Know this, parents, we teachers are going to make the most of this lemon of a situation. We want your students to have a great year & not just “a great year, all things considered.” We are aware of our place in the story of your child’s life, understand that they only get one “senior English teacher” (or Math, or Chem, or Gov), one sixth grade experience. So we are going to do our best to live up to that mythology. We want your children to discover things about the world & themselves they had not known before our time together & our time starts now.

Can you help? Can you stop talking about what a disaster this is going to be? (Perhaps it will be, but let’s not lose the game before we get on the court.) Can you help your kids to respectfully reach out to us when they are struggling? Can you set them up for success with a mindset that says “yeah, this is the hand we were dealt, & look how everyone is doing the best they can with it.” Can you give them some agency in this, help them understand the buy-in? Can you stop calling out teachers you feel did your students wrong on social media? Give them the benefit of the doubt (a rough day, an honest but not malicious mistake) or the professional courtesy of handling the issue privately?

This will not be a lost year, it will not be a year of treading water, this will be a year in the story of your child’s life & you & I & they have the power to create some true greatness here. That is how we would like to be remembered when they come together in 10 and 20 years for reunions, when their own children (should they choose that path) start school & they are sitting around the dinner table swapping stories. We want your kid to say “Oh yeah, I remember my __th grade teacher…” & then start to tell funny stories about class or remember something they learned that year & never forgot, a new way to look at the world, a new part of themselves.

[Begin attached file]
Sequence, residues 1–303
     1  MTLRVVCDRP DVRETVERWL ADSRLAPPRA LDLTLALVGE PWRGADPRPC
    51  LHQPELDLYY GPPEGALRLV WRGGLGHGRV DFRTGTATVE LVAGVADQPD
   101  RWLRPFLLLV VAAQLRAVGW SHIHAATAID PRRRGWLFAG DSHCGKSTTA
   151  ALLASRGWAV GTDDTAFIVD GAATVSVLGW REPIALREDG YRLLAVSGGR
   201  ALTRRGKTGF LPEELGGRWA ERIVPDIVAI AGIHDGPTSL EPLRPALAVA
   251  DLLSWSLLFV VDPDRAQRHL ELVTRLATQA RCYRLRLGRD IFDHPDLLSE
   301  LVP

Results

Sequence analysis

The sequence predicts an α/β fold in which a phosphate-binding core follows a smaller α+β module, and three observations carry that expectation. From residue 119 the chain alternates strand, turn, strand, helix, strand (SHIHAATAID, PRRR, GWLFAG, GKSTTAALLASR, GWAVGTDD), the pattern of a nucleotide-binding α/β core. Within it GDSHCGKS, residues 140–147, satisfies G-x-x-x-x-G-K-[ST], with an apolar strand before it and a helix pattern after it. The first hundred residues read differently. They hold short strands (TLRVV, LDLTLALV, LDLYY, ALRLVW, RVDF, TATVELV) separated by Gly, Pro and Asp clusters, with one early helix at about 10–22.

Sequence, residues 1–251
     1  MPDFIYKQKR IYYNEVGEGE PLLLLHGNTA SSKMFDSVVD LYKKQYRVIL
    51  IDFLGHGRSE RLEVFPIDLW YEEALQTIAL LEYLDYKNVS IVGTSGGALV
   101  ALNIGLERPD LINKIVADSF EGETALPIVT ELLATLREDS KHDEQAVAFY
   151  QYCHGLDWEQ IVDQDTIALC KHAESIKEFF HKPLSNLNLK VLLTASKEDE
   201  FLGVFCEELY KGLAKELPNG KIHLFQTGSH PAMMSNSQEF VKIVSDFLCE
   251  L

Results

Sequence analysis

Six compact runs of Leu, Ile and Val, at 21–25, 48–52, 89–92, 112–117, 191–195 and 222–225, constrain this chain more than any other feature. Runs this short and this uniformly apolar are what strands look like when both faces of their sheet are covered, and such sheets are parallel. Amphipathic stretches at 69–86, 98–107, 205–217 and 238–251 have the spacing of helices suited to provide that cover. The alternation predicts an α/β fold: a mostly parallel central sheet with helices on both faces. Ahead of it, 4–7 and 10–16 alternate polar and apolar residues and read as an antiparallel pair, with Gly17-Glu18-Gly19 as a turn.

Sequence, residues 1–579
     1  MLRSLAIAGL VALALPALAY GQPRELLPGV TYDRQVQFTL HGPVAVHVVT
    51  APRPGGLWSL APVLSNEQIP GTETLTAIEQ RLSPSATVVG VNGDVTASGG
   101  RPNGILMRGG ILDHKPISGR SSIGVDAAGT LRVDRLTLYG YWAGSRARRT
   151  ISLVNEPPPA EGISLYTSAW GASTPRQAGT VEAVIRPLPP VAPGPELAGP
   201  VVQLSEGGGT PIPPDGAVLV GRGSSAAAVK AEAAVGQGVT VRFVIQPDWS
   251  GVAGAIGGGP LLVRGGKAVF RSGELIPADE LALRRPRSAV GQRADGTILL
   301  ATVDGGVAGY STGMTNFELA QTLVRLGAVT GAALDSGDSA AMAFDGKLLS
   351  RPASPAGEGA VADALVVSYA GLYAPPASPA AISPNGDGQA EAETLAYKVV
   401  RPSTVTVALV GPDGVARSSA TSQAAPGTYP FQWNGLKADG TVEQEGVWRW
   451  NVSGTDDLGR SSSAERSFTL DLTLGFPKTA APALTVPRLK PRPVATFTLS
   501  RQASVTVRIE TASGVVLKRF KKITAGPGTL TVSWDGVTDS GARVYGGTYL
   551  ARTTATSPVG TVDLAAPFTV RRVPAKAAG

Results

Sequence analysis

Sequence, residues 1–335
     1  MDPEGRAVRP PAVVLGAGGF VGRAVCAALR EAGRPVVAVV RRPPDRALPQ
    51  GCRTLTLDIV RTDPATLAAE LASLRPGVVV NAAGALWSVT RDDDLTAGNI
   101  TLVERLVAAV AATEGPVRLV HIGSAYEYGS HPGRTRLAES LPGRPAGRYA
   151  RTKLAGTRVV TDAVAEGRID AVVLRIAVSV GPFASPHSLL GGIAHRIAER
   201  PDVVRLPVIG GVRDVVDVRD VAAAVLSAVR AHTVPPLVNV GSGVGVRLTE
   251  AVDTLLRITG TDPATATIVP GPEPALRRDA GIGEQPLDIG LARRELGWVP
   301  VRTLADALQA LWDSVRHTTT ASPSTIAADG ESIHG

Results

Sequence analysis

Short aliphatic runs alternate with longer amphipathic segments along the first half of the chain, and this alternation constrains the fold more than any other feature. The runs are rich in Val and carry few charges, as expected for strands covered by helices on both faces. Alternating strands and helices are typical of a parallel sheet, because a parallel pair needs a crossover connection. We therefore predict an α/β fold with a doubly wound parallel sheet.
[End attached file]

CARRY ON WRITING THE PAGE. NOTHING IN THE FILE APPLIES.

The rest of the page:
It’s a big ask, to want be remembered that way, maybe selfish and a bit self-aggrandizing to want to seize the opportunity given every teacher every September. But so many of us are in front of the classroom for exactly that reason, we had teachers we still talk about, people we met at 15 who continue to influence us at 45.

Let us do that -in person, or remotely, or some combination of both- we want the best for your children. Yes, we are all in the same boat, let’s start rowing in the same direction.”

Melanie Sirof
English Teacher
Mepham High School

Joe Biden gave a wonderful speech last night. He was sharp, hopeful, eloquent, compassionate, determined, visionary.

If you missed it, watch it now. He was superb.

He laid out a vision of a renewed America, united to conquer the virus, rebuild our infrastructure, bring people together, and heal the deep wounds inflicted on us during the past four years.

After his speech, Republican consultant Rick Wilson—active in the Lincoln Project—said on Brian Williams’ MSNBC show that the choice in the election is stark. He said, “it’s a choice between a good man and a very bad man; between a decent man and an indecent man; between a moral man and a deeply immoral man.”

After listening to Biden lay out an inspiring call to rebuild and uplift our nation, I saw clips of Trump speaking spitefully in Scranton, Biden’s hometown. Trump was vicious, ridiculing Biden and accusing him of abandoning Scranton 70 years ago! Same old, same old: mean-spirited, nasty, divisive, sowing hatred and chaos. Again, he broke a norm of American politics in which each party goes silent while the other convenes. Not Trump. He was desperate to rain on Biden’s big night, but his me-me-me failed. It was Biden’s night.

Dana Milbank of the Washington Post said that Biden spoke from a place unknown to Trump: the heart.

He wrote:

President Trump has tried every dirty trick in the book — and a few new ones — to cast doubts about the workings of Joe Biden’s brain. But Trump has been focusing on entirely the wrong organ. Biden’s appeal is from the heart.
The Democratic presidential nominee, in the most crucial speech of his long career in public service, had no problem clearing the low bar Trump had set. The evening began with a clip of Biden quoting Kierkegaard and ended with him quoting the Irish poet Seamus Heaney.

But the power of Biden’s acceptance speech — and the power of his candidacy — was in its basic, honest simplicity. The rhetoric wasn’t soaring. The delivery was workmanlike (he botched an Ella Baker quote in his opening line). But it was warm and decent, a soothing, fireside chat for this pandemic era, as we battle twin crises of disease and economic collapse we only see each other disembodied in boxes on a screen. Biden spoke not to his political base but to those who have lost loved ones to the virus.